This ‘all things’ includes the fall of sparrows (Matt 10:29), the rolling of dice (Prov 16:33), the slaughter of his people (Ps 44:11), the decisions of kings (Prov 21:1), the failing of sight (Exod 4:11), the sickness of children (2 Sam 12:15), the loss and gain of money (1 Sam 2:7), the suffering of saints (1 Pet 4:19), the completion of travel plans (Jas 4:15), the persecution of Christians (Heb 12:4–7), the repentance of souls (2 Tim 2:25), the gift of faith (Phil 1:29), the pursuit of holiness (Phil 3:12–13), the growth of believers (Heb 6:3), the giving of life and the taking in death (1 Sam 2:6), and the crucifixion of his Son (Acts 4:27–28). (John Piper, “Why I Do Not Say ‘God Did Not Cause This Calamity, But He Can Use It For Good’”)

All things — good, bad, ugly, and horrific — are ordained, guided, and governed by the Creator and Sustainer of the universe. Continue reading

Does God Author, Cause, or Permit Sin?

From the Desiring God website: These excerpts from John Frame’s The Doctrine of God (P&R, 2003), provide an accessible and thoughtful analysis of how to talk about God’s sovereignty over sin:

This is part 1 of a 4-part series on how to talk about God’s sovereignty over sin.

In his last three sermons, John Piper has made some provocative statements about God’s sovereignty over sin.

August 12: “God created [Satan and his demons] knowing what they would become and how, in that very evil role, they would glorify Christ. Knowing everything they would become, God created them for the glory of Christ.”

August 19: “God is sovereign over Satan, and therefore Satan’s will does not move without God’s permission. And therefore every move of Satan is part of God’s overall purpose and plan.”

August 26: “[E]verything that exists—including evil—is ordained by an infinitely holy and all-wise God to make the glory of Christ shine more brightly. . . . Adam’s sin and the fall of the human race with him into sin and misery did not take God off guard and is part of his overarching plan to display the fullness of the glory of Jesus Christ.”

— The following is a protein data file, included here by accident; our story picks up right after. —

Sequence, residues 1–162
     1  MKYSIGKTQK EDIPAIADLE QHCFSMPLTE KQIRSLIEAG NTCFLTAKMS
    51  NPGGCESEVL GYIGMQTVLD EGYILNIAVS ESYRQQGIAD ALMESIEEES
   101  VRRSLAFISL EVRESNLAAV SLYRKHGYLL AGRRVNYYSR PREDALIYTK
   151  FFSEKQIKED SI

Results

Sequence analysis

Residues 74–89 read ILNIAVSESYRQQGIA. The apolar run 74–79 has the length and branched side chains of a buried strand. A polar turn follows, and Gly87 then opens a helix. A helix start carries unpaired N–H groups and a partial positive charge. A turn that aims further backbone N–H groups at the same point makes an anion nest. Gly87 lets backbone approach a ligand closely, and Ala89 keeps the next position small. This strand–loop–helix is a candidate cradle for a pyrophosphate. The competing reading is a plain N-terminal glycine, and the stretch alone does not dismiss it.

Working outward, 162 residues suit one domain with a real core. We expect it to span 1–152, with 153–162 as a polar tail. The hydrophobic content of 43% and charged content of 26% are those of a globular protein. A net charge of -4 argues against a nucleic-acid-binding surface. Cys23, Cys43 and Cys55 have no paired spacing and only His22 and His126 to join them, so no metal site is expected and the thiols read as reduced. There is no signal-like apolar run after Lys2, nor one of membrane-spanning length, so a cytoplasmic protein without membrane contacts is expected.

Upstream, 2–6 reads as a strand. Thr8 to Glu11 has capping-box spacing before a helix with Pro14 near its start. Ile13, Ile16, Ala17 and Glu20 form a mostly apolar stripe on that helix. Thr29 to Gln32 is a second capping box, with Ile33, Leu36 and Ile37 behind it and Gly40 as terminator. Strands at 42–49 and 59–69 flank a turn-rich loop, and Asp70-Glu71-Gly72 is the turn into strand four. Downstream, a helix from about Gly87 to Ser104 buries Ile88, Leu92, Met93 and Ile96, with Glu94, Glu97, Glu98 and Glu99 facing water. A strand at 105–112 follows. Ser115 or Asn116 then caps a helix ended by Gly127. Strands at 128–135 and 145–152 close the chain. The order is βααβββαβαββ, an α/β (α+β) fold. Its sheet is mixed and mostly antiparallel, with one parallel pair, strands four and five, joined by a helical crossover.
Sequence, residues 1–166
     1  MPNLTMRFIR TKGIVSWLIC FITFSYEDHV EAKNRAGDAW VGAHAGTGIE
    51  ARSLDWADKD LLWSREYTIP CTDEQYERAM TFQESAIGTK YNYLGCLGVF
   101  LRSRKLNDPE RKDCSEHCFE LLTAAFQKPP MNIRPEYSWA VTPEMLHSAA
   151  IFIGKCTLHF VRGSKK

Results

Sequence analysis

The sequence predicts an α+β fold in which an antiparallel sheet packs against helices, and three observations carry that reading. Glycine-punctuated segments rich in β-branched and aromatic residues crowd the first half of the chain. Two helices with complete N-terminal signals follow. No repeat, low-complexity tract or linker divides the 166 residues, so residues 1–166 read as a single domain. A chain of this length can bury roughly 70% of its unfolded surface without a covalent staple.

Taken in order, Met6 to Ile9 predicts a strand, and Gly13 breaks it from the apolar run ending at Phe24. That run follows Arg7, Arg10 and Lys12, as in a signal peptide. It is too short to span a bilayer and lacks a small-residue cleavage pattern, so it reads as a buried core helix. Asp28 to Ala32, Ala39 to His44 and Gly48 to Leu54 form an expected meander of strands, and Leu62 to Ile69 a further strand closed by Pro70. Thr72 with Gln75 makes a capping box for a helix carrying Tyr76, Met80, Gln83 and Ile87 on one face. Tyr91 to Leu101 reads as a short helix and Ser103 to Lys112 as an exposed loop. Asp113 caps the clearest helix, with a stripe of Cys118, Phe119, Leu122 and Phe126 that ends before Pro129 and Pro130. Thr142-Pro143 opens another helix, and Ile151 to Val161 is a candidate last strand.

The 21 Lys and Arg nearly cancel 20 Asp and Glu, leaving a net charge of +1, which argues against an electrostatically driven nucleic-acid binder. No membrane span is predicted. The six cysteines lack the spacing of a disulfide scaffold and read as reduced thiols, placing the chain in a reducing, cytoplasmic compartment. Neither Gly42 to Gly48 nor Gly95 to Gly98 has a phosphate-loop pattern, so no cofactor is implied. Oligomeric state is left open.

Desiring God has received a batch of emails in response—some more heated than others!—questioning (or outright disagreeing with) God’s sovereignty over sin.

We’ve found that John Frame provides some significant help on how to talk about God’s sovereignty over sin… If you get some help here, we’d highly recommend purchasing The Doctrine of God.

* * *

The following is from The Doctrine of God, Chapter 9, “The Problem of Evil,” by John Frame. The headings are added; the paragraphs are Dr. Frame’s.

God Is Sovereign Over Sin
. . . God does harden hearts, and through his prophets he predicts sinful human actions long in advance, indicating that he is in control of human free decisions. Now theologians have found it difficult to formulate in general terms how God acts to bring about those sinful actions. . . . Do we want to say that God is the “cause” of evil? That language is certainly problematic, since we usually associate cause with blame. . . . [I]t seems that if God causes sin and evil, he must be to blame for it.

Words: The Theologian’s Tools
Therefore, there has been much discussion among theologians as to what verb should best describes God’s agency in regard to evil. Some initial possibilities:authors, brings about, causes, controls, creates, decrees, foreordains, incites, includes within his plan, makes happen, ordains, permits, plans, predestines, predetermines, produces, stands behind, wills. Many of these are extra-scriptural terms; none of them are perfectly easy to define in this context. So theologians need to give some careful thought about which of these terms, if any, should be affirmed, and in what sense. Words are the theologian’s tools. In a situation like this, none of the possibilities is fully adequate. There are various advantages and disadvantages among the different terms. Let us consider some of those that are most frequently discussed.

1) Does God Author Sin?
The term authors is almost universally condemned in the theological literature. It is rarely defined, but it seems to mean both that God is the efficient cause of evil and that by causing evil he actually does something wrong.1 So the [Westminster Confession] says that God “neither is nor can be the author or approver of sin” (5:4). Despite this denial in a major Reformed confession, Arminians regularly charge that Reformed theology makes God the author of sin. They assume that if God brings about evil in any sense, he must therefore approve it and deserve the blame. In their view, nothing less than libertarian freedom will serve to absolve God from the charge of authoring sin.

God Does Not Author Sin